By Daniel Hunter

The Forum of Private Business argues it has come as little surprise the banks have missed their small business lending targets under Project Merlin, but says it’s a timely reminder for lenders now to refocus on financing those firms who most need their cash.

It was announced this morning that while the big four banks — Barclays, Lloyds, HSBC and RBS — have achieved their overall lending figures, they narrowly missed their pledged target to lend £76 billion exclusively to SMEs by £1.1 billion.

The not-for-profit employer organisation has said its members still routinely report problems with accessing finance from the high street lenders, with many having to seek alternate forms to aid cash flow, including credit cards and even loans from friends or family.

But it says this morning’s news proves it is now time for banks to provide more assistance to small firms by offering better value products, simplifying their lending criteria, and putting a greater focus on relationship banking.

“The banks have missed the lending targets for small firms, but not by such a huge amount as suggested by the number of small firms who still complain to us about problems accessing high street finance. This we know is still a burning issue for many SMEs,” said the Forum’s Chief Executive, Phil Orford.

“What perhaps muddies the water and makes the bank’s failure here less clear cut though is that overall demand for bank finance is down. Many companies have been simply looking to survive or consolidate over the past year rather than seeking credit to expand.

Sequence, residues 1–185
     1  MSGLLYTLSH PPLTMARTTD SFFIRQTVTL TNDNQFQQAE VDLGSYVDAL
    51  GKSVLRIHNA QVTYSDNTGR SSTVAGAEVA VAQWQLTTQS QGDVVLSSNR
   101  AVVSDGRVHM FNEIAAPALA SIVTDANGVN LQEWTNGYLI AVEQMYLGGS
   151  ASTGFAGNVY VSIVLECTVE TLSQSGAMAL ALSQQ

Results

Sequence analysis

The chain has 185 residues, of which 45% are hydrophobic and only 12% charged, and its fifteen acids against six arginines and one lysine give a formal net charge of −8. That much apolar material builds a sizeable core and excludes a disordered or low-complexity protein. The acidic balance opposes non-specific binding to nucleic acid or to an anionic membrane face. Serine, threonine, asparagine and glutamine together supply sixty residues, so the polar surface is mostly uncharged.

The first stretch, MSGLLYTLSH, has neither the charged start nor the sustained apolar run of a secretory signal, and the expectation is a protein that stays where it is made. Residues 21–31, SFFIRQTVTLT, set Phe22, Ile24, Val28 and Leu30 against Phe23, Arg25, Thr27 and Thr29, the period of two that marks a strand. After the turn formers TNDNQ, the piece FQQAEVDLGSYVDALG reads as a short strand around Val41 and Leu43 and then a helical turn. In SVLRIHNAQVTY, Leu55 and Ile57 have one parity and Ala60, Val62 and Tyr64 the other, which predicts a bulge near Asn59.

“What we need now more than anything is confidence — confidence from small business that the economy is heading in the right direction, and confidence from the banks to lend their money. Without either the economy is in danger of stagnating.

“The onus now, however, is really with the banks to get the ball rolling. They need to reach out further to business and repair the damaged relationship with firms who are essentially their core customers. Our helpline receives complaints from members every week over increasing costs associated with bank products and the removal of overdrafts — these actions don’t help.

“In addition, we need cheaper credit, more investment in regional branches, and the restoration of lending powers to local bank managers.”

“And if the banks are unwilling or unable to deliver these core requirements, government should intervene more stringently to ensure that the do.”

But the Forum says while banks must take the lead, small firms should also help themselves by ensuring banks can find no reason to refuse them credit. Ensuring loan applications sparkle, and that credit ratings are show firms in a positive light all help in getting a ‘yes’.

“Bank lending will never be as free and easy as it was 10 years ago,” added Mr Orford.

“Banks have rightly had to tighten their lending criteria, although there’s a view that they have over-egged the pudding.

“Small firms can and should do more to help themselves though, ensuring their credit history is good and monitor it for any changes. Any mistakes should be reported immediately. Bank loan applications also need to be comprehensive and cover all angles and therefore advice and support should be sought before applications are made.

"If businesses can demonstrate that have regular and standardised financial information regarding their accounting, which is supported with a clear business plan, then this will also boost their chances of success, as will demonstrating their ability to repay their loans.”

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